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Potato Mushroom Soup (Bramboracka) Recipe

 

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John Steinbeck: Pork Posole

John Steinbeck was a locavore before it was cool. No matter where he was writing from, his letters always mention the local produce. In California, he bought a cow so he could make his own butter and cheese. In England, he foraged for dandelion greens (“cook them slowly and for a long time with pieces of bacon”). In Sag Harbor, he reveled in the local seafood (“I figure I can always catch my dinner”).

But sometimes you come home after a long day, and you don’t want to knead your own bread, dry your own pasta, butcher your own goat. You just want to buy a whole baguette, put some brie on it, eat it all while watching The Wire on Netflix and call that dinner. “I like good food and good clothes, but faced with getting them I can’t round myself into a procuring unit,” Steinbeck wrote in a particularly lethargic mood. I imagine he said it on the sofa in sweatpants.

Often it’s the presence of other people that keeps me from nights of cheese sandwiches in front of the TV; cooking for company is just more fun! But when Steinbeck was alone on the road, he would forget the butter-churning and revert to the life of a single guy. Hence his recipe for posole, borrowed from his friend (and famed screenwriter) Jack Wagner: “a can of chili and a can of hominy.” Hello, bachelorville.

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Zora Neale Hurston: Chicken Consommé

“So, what’s your backup plan?”

Everyone who lusts after a job in some creative field runs into this inevitable question. When I was 10, I told my mother I was destined for Broadway. When pressed for a possible fallback, I shrugged and said I could always go into journalism. She has worried about me ever since.

In the fall of 1931, Zora Neale Hurston was working on several projects, all of them artsy and none of them lucrative: short stories, concerts, book proposals. Recently divorced and without a steady income, she was being supported by her godmother, the philanthropist and New York socialite Charlotte Osgoode Mason. Mason and my mother would have had a lot to talk about. “I know that you worry about my future,” Hurston wrote to her godmother. “Therefore, if I had a paying business—which after all could not take up a great deal of my time,—I’d cease to be a problem.”

That’s how she came up with her backup plan to become “New York’s Chicken Specialist.”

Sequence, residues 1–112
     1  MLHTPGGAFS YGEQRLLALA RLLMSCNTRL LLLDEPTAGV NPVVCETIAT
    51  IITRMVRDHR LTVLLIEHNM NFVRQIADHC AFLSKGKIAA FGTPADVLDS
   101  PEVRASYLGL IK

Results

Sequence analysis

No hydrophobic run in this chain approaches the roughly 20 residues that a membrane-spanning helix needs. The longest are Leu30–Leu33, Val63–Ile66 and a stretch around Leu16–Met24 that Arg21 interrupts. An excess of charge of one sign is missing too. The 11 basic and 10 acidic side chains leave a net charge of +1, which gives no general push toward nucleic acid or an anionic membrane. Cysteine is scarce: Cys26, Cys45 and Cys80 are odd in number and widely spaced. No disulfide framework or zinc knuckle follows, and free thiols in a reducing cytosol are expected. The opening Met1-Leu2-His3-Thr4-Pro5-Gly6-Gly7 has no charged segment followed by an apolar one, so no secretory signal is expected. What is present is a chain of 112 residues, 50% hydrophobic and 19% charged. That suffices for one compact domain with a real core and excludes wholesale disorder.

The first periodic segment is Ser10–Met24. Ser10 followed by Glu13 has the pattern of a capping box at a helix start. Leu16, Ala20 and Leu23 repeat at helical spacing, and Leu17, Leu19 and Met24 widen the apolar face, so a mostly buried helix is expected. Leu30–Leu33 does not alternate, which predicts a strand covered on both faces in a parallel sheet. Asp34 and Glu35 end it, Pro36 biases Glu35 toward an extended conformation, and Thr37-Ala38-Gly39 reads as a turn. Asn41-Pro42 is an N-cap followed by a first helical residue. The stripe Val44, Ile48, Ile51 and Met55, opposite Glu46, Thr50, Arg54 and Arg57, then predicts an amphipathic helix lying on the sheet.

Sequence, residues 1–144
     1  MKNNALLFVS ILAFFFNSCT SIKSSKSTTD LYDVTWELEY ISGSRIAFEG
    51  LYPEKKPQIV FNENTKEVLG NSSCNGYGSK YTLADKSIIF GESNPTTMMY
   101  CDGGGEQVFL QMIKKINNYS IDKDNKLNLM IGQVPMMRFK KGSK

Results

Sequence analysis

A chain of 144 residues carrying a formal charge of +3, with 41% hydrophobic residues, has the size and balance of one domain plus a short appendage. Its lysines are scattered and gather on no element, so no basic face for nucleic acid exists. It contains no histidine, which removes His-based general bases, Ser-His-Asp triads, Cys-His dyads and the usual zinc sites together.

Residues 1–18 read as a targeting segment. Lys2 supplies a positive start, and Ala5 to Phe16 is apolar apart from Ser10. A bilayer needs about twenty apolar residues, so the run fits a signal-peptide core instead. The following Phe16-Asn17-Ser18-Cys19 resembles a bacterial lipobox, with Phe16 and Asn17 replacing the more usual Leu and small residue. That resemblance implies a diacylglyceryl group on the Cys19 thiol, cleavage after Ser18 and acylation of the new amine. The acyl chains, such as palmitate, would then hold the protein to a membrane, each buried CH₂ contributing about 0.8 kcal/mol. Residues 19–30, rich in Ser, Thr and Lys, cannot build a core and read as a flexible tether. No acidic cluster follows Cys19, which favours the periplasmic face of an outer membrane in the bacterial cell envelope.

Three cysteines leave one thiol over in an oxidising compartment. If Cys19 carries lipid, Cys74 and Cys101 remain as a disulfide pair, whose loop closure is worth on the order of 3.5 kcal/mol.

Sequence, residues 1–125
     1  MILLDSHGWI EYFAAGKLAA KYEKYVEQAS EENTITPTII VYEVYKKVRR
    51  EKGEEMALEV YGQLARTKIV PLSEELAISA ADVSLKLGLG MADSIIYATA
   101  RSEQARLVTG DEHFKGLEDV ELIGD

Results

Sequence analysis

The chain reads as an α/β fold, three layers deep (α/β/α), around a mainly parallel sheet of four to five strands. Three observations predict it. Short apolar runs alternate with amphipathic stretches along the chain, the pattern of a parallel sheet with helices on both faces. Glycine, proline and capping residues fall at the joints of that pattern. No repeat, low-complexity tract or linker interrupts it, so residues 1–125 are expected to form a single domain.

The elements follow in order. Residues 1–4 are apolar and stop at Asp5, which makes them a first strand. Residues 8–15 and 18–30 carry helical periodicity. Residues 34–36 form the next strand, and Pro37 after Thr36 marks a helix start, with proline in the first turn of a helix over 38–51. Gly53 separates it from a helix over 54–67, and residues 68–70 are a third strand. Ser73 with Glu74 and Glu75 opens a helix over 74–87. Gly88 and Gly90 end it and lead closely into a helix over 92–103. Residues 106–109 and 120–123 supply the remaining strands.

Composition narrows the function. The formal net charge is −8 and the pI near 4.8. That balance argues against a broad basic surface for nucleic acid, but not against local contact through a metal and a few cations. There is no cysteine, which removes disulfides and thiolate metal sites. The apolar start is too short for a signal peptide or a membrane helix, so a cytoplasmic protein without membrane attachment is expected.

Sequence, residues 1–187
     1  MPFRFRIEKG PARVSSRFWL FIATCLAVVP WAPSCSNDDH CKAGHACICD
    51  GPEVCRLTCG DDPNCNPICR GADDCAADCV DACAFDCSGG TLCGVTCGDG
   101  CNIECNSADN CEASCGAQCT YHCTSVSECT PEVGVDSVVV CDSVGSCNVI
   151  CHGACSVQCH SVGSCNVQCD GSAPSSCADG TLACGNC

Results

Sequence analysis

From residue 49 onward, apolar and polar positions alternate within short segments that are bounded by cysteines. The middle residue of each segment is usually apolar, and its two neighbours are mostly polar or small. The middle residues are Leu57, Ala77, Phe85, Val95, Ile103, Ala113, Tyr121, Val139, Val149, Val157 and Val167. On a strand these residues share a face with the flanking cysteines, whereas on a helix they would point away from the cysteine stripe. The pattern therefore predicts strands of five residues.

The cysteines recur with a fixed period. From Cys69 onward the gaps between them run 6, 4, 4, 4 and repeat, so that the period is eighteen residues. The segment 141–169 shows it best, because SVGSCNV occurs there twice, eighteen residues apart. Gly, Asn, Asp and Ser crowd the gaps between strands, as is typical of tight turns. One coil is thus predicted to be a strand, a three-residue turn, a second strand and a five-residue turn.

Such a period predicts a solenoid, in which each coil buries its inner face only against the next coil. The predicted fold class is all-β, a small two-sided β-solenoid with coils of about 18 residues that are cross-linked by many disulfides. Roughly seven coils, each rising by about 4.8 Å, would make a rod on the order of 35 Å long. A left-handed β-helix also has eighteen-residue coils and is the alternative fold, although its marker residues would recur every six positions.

Like any good start-up entrepreneur, Hurston did her research. She surveyed the local competition: “I have been sampling the chicken soups already on the market and find not one really fine one.” She outlined the business model: Ever practical, she would use all parts of the bird. The bones would be for soup. The chicken breasts, “they’d be my salad material. The other part of the chicken would emerge as a la king.”

But despite her concessions toward her godmother and her own pragmatism, Hurston never wavered in her assurance about her real talent. “I firmly believe that I shall succeed as a writer, but the time element is important,” she wrote to Mason. “Besides I like to cook.”

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Norman Mailer: Green Bean Salad with Raspberry Vinaigrette

In his famous appearance on The Dick Cavett Show, after headbutting Gore Vidal backstage, Norman Mailer humbly referred to himself as a “dizzying intellect.” I’ll leave that literary debate to his critics, but at least in the kitchen, Mailer was a thinker.

In his semi-recent memoir, Dwayne Raymond discusses his firsthand experience with the giant brain; he helped research Mailer’s last novel, The Castle in the Forest, but also served as confidant, tech support, chef, and guinea pig for some of Mailer’s more unique food creations.

Mailer theorized on food like a man obsessed. Occasionally this would manifest itself in more compulsive ways, like meticulously cutting a grapefruit in exactly nine sections. But you could see it more often in his pursuit of the culinary Shangri-La: a recipe that would maximize flavor, nutrition, and integrity of the ingredients all in one.

Not that these concoctions were necessarily successful. Case in point: a ghasty-sounding salad made of green beans and teriyaki-infused oatmeal (to lower cholesterol). Another “experimental” salad recipe involved the addition of Häagen-Dazs Raspberry Sorbet to a vinaigrette. “It didn’t occur to him that the whole concept was dreadful; that wasn’t the way his mind worked,” Raymond writes. “Norman believed that anything awful could be fixed if enough work was put into it.”

In that spirit, I decided to take on an awful-yet-fixable dish. Re-enter the green bean and oatmeal salad.